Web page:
Weight Loss After Bariatric Surgery Proves to Be Beneficial in Patients with Rheumatoid Arthritis

Weight Loss After Bariatric Surgery Proves to Be Beneficial in Patients with Rheumatoid Arthritis

Researchers at Brigham and Women’s Hospital recently revealed that weight loss in patients with rheumatoid arthritis (RA) after undergoing bariatric surgery improves disease activity. The study was recently published in the journal Arthritis Care & Research and is entitled “Impact of bariatric surgery on patients with rheumatoid arthritis.

RA is an autoimmune disease that leads to chronic inflammation of the joints and other parts of the body due to an overreaction of the body’s own immune system, resulting in an attack on healthy tissues. The disease can cause painful deformity and immobility of the fingers, wrists, ankles and feet. In the United States, it is estimated that about 1.5 million people suffer from the disease, with women having a significantly higher susceptibility.

Obesity is considered a serious public health problem; it causes a systemic inflammatory state in the body associated with several chronic diseases like diabetes, hypertension and cancer. Obesity has also been associated with an increased risk of developing RA, disease severity and a decrease in treatment efficacy.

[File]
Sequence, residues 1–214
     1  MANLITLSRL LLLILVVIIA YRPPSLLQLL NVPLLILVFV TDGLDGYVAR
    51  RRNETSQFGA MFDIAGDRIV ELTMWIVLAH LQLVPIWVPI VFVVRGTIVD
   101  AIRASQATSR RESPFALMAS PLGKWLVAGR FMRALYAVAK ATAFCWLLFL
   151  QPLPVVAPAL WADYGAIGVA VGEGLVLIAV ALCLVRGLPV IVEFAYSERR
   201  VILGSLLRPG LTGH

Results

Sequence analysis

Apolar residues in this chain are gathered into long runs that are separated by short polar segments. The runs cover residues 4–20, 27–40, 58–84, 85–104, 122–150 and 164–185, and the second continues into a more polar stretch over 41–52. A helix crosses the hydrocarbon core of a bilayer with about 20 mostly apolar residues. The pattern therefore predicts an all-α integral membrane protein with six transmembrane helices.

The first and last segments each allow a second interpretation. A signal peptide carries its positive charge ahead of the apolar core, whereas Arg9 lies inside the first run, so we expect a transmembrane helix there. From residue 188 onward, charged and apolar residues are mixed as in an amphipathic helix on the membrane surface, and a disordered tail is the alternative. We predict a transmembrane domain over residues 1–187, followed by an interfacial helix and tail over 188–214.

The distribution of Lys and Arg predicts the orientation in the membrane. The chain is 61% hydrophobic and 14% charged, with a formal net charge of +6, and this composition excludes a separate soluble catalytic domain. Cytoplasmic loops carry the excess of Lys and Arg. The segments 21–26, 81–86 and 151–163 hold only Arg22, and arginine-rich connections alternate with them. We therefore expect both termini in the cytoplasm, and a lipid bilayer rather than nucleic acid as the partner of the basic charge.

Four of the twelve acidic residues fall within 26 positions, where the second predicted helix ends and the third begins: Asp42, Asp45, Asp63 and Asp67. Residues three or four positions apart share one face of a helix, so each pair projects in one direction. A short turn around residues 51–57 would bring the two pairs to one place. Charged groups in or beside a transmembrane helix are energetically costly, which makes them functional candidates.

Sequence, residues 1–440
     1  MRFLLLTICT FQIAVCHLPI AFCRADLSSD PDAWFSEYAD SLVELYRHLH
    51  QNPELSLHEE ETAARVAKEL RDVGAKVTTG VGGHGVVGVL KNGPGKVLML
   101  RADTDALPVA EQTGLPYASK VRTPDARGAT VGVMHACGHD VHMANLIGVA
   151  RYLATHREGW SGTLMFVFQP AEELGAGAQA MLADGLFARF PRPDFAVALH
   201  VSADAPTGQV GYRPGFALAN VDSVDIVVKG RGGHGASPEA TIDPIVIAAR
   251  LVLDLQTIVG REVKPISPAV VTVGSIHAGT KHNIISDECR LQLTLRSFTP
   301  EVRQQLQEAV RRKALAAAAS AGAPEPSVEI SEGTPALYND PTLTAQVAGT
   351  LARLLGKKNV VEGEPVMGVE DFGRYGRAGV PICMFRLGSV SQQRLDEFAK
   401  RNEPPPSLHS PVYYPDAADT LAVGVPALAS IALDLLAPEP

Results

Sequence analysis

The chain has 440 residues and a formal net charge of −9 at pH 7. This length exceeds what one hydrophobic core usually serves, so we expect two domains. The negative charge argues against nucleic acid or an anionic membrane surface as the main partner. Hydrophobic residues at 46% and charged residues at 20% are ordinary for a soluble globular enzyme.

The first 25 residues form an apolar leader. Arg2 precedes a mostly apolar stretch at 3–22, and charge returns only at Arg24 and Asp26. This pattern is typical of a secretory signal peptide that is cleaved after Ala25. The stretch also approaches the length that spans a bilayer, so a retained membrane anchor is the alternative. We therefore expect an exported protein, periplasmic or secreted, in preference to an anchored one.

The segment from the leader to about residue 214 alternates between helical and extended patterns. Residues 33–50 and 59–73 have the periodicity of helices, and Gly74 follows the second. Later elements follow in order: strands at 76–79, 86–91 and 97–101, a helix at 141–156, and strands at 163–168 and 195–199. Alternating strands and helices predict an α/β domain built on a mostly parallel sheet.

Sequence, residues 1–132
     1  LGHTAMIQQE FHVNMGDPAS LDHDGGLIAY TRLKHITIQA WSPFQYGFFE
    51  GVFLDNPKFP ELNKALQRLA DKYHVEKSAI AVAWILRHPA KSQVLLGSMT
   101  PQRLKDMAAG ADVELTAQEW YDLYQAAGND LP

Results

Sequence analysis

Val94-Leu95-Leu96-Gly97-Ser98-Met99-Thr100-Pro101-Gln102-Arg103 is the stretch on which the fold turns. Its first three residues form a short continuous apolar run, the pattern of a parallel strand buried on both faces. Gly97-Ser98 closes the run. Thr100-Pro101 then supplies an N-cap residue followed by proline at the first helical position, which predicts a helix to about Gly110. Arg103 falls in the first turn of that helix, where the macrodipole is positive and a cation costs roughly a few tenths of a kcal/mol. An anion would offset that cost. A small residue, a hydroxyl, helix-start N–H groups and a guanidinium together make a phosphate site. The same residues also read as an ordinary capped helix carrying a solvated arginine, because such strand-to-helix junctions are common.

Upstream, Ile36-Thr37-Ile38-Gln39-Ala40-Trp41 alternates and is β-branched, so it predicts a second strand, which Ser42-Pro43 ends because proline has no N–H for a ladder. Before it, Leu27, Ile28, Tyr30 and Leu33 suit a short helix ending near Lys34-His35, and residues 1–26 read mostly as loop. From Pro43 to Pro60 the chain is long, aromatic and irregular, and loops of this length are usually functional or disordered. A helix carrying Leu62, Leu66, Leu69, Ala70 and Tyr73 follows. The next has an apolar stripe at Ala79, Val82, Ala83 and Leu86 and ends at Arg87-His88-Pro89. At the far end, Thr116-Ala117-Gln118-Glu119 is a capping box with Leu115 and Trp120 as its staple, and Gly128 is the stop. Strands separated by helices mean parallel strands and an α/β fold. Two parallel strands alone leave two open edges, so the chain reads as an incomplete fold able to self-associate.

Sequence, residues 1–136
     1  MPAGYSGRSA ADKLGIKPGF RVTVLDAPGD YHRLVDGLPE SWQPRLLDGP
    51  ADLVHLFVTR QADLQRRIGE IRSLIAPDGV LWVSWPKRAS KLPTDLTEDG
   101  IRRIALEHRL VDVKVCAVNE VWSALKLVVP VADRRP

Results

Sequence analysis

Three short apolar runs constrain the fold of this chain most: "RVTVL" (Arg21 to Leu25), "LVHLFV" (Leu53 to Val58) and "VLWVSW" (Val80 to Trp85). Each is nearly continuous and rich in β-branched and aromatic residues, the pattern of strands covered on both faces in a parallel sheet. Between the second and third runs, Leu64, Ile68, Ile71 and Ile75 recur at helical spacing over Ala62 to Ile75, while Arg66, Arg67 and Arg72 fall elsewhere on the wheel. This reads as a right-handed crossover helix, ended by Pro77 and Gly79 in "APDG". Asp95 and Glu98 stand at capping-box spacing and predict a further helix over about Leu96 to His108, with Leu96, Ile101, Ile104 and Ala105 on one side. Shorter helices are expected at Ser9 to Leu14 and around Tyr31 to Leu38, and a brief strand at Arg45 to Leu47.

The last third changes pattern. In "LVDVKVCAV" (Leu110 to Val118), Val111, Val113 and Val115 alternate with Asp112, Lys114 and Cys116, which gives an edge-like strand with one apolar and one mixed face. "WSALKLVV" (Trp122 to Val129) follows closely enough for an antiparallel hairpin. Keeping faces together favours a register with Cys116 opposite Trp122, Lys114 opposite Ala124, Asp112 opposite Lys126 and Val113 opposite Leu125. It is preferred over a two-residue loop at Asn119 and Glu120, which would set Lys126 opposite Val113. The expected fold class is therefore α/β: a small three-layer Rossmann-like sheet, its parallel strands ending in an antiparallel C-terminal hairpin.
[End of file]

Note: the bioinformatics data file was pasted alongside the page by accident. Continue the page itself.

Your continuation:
Bariatric surgery is a weight loss surgery where the size of the stomach is reduced through a gastric band or through removal of part of the stomach. This surgery can result in substantial weight loss and has been shown to contribute to health improvement in obese patients with diabetes and hypertension. The impact of bariatric surgery, and the consequent weight loss, has however not been evaluated on patients with inflammatory rheumatic diseases.

In the study, researchers conducted a retrospective study to analyze the effect of weight loss after bariatric surgery on 53 RA patients at two medical centers. Patient data was collected prior to the surgery (baseline) and at six and twelve months after the surgery.

Researchers reported that at baseline, the mean body mass index (BMI) of the patient cohort was 47.8 kg/m2 and the mean weight 128.2 kg. In total, 57% of the patients were found to have moderate/high RA disease activity. Twelve months after surgery, patients lost a mean of 41 kg corresponding to 70% of the excess weight. Regarding RA, only 6% of the patients were found to have moderate/high disease activity in comparison to the 57% reported prior to the surgery, showing that RA disease activity had significantly improved in this patient cohort. In follow-up visits at a mean of 5.8 years after surgery, 74% of the patients were found to be in remission compared to 26% at baseline, and reported having reduced their RA-related medication.

The team concluded that substantial weight loss after bariatric surgery in RA patients could improve their disease activity, decrease serum markers of inflammation and RA-related medication usage. The authors believe that weight loss might be an important non-pharmacologic approach to decrease RA disease activity in obese patients.

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